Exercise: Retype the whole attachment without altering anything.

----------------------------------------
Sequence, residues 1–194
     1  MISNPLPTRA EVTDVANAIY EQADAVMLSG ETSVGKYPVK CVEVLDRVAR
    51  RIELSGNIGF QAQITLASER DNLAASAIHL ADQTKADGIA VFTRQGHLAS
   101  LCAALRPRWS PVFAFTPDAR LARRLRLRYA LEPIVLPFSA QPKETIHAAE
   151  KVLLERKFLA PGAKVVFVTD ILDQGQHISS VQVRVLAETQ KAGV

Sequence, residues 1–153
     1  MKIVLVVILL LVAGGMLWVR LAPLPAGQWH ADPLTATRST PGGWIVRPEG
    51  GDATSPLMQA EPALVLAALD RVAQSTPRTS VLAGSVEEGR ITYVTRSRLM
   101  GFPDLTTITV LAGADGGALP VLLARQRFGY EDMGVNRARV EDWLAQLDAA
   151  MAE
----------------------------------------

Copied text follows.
Sequence, residues 1–194
     1  MISNPLPTRA EVTDVANAIY EQADAVMLSG ETSVGKYPVK CVEVLDRVAR
    51  RIELSGNIGF QAQITLASER DNLAASAIHL ADQTKADGIA VFTRQGHLAS
   101  LCAALRPRWS PVFAFTPDAR LARRLRLRYA LEPIVLPFSA QPKETIHAAE
   151  KVLLERKFLA PGAKVVFVTD ILDQGQHISS VQVRVLAETQ KAGV

Sequence, residues 1–153
     1  MKIVLVVILL LVAGGMLWVR LAPLPAGQWH ADPLTATRST PGGWIVRPEG
    51  GDATSPLMQA EPALVLAALD RVAQSTPRTS VLAGSVEEGR ITYVTRSRLM
   101  GFPDLTTITV LAGADGGALP VLLARQRFGY EDMGVNRARV EDWLAQLDAA
   151  MAE